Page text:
The number of men and women seeking massage treatment for back pain has skyrocketed in recent years, probably in part due to broader coverage by insurance companies who recognize the potential benefits of massage.

Many people suffer low back pain as a result of muscle tension and strain, making massage an ideal treatment. To get the most from your session, ask your therapist to focus on the two muscles responsible for the lion’s share of back pain:

Quadratus lumborum

This muscle connects our ribs to your pelvis and helps you maintain balance and lift objects. This is the muscle that often becomes strained or irritated when you don’t “lift with your knees.” The QL muscle can also become irritated when you stand for long periods at a time, especially when you stand without moving around – for instance, leaning over a workspace or a sink full of dishes, or when you spend long periods of time slumped in your chair at work. Runners often complain of pain in and around the QL muscle after running on hard pavement.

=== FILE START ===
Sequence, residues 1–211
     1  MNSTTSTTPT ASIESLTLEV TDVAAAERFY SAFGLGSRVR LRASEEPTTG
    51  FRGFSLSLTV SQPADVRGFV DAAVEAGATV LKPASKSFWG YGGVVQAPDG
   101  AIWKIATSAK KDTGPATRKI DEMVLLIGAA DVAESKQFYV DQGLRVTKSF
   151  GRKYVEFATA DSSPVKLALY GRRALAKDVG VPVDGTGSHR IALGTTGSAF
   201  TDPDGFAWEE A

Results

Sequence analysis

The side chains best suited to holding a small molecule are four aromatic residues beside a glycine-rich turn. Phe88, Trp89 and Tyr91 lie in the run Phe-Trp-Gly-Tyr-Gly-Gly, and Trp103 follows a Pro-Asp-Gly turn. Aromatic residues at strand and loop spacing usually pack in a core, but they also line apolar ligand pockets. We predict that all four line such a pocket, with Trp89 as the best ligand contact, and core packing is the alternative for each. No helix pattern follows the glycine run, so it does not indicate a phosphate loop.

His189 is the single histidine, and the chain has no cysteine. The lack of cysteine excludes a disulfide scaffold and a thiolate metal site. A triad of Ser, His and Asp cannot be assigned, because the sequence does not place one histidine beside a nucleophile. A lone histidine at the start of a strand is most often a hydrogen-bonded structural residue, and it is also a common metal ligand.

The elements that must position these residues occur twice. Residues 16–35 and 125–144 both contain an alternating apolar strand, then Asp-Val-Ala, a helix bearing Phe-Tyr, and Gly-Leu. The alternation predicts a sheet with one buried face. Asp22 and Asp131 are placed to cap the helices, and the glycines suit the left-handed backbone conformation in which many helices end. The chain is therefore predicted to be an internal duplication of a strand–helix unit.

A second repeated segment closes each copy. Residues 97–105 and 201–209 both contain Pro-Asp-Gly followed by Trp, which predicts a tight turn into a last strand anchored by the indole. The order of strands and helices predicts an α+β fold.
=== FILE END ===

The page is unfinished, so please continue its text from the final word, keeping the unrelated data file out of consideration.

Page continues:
Gluteus medius

Located in your hip, the gluteus medius often becomes painful when the QL muscle becomes strained or irritated, often because it can become overused when you attempt to compensate for a sore QL muscle. Many patients report massage is most effective in this area when the muscle is worked while lying on the stomach.

Licensed massage therapists are trained to understand the muscles that are primarily involved in low back pain, but if you feel there’s one specific area that needs attention, don’t hesitate to speak up.

For many people experiencing low back pain, massage can provide a great deal of relief. But before seeing any massage therapist, see a spine doctor to make sure the pain isn’t attributable to a more serious underlying condition like a fracture or a compressed disc. In those cases, massage can wind up making your condition worse, not better.